Synopses & Reviews
In 1988, at age 26, Lauren Slater lived alone in a basement apartment in Cambridge, depressed, suicidal, unemployed. Ten years later, she is a psychologist running her own clinic, an award-winning writer, and happily married. The transformation in her life was brought about by Prozac. Prozac Diary is Lauren Slater's incisive account of a life restored to productivity, creativity, and love. When she wakes up one morning and finds that her demons no longer have a hold on her, Slater struggles with the strange state of being well after a lifetime of craziness. Yet this is no hymn to a miracle pharmaceutical. It is a frankly ambivalent quest for the truth of self behind an ongoing reliance on a drug. Slater also addresses Prozac's notorious "poop-out" effect and its devastating attack on her libido. This is the first memoir to reflect on long-term Prozac use, and reviewers agree that no one has written about Prozac with such beauty, honesty, and insight.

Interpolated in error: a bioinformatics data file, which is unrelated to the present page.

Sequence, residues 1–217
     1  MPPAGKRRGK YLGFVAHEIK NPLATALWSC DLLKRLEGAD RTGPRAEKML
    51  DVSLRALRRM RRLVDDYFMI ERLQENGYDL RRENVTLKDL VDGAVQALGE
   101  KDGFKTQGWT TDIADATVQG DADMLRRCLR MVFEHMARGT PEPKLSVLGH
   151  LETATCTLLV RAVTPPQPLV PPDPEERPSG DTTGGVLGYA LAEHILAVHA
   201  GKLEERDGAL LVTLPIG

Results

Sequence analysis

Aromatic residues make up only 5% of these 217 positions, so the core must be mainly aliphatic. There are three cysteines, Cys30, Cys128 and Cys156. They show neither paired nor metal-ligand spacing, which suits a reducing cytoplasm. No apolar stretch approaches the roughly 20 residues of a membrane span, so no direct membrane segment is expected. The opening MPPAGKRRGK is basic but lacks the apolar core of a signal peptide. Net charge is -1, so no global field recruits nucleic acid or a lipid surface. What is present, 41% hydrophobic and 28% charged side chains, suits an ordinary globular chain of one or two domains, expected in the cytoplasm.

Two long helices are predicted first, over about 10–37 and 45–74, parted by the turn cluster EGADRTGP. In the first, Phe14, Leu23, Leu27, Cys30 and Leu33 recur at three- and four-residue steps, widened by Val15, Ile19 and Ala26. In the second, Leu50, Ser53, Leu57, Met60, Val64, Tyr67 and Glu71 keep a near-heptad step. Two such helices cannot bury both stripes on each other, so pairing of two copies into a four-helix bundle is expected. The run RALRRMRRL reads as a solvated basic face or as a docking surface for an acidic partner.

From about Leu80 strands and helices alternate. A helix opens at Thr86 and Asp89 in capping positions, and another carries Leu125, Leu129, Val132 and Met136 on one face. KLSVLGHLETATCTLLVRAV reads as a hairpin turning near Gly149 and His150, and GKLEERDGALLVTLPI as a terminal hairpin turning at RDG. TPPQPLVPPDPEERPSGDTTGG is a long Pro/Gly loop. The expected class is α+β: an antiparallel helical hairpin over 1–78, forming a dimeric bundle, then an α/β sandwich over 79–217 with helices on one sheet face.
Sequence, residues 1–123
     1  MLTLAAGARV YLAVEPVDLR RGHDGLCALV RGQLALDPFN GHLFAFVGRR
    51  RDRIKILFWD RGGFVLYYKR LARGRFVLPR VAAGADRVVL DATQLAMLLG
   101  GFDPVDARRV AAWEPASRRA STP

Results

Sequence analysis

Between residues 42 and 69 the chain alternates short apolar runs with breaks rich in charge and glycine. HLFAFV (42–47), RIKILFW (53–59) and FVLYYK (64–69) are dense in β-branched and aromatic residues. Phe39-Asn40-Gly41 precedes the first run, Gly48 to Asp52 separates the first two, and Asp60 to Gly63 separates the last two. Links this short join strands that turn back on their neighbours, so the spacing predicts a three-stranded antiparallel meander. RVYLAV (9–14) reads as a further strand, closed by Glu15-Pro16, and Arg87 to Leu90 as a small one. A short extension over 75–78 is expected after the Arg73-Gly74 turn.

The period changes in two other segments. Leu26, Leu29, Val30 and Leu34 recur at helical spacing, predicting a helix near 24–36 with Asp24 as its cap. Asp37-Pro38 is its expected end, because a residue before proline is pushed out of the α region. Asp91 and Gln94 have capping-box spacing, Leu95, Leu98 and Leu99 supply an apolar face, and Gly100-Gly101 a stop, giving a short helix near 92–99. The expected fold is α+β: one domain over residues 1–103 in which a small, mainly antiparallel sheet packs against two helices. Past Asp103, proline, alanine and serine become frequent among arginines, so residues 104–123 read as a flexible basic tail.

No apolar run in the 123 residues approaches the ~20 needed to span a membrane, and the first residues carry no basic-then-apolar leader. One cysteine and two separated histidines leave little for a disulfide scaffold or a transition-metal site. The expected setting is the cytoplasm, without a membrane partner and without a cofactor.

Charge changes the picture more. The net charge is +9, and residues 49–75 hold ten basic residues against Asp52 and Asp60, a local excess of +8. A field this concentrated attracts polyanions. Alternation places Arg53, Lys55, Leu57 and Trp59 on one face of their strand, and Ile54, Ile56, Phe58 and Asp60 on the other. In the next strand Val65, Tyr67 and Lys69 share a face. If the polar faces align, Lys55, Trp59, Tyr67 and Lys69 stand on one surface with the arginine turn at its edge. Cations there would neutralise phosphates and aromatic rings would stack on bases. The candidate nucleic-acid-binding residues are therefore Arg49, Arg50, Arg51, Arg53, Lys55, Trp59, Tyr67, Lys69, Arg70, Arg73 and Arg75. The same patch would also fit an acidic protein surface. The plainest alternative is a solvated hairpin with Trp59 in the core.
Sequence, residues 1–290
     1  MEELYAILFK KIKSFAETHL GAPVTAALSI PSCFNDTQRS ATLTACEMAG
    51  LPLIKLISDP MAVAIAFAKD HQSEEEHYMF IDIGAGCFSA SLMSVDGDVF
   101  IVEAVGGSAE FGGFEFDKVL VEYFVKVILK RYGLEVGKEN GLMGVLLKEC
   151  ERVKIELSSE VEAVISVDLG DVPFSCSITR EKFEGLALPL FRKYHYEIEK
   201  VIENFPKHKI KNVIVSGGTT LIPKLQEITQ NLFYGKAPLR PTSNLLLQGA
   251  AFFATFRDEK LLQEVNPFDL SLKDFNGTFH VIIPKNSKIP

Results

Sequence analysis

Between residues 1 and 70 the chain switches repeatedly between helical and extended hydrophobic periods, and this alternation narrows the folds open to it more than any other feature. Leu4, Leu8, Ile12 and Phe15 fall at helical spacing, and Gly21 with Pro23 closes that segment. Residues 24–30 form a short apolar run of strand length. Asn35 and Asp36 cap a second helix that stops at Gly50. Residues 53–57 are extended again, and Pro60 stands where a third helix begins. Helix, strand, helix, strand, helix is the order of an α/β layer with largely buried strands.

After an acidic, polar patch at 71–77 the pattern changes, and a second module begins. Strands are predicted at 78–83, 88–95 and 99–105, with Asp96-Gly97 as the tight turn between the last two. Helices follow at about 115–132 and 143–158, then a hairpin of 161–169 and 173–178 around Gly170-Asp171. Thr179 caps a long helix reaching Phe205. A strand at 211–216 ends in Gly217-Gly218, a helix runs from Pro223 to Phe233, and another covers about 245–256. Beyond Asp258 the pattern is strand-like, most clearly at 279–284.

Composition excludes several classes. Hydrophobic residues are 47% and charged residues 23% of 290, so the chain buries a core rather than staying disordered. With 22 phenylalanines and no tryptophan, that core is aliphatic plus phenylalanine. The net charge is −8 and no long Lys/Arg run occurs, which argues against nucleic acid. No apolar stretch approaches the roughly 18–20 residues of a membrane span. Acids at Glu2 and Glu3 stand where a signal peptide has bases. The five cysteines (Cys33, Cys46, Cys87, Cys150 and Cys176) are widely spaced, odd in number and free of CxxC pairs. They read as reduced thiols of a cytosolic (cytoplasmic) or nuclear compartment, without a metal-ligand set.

About the Author
A 1999 National Magazine Award nominee, Lauren Slater has a masters degree in psychology from Harvard University and a doctorate from Boston University. Her work was chosen for the Best American Essays/Most Notable Essays volumes of 1994, 1996, 1997, 1998, and 1999. Her previous book, Lying, was chosen by Entertainment Weekly as one of the top ten nonfiction books of 2000. Slater lives with her family in Massachusetts.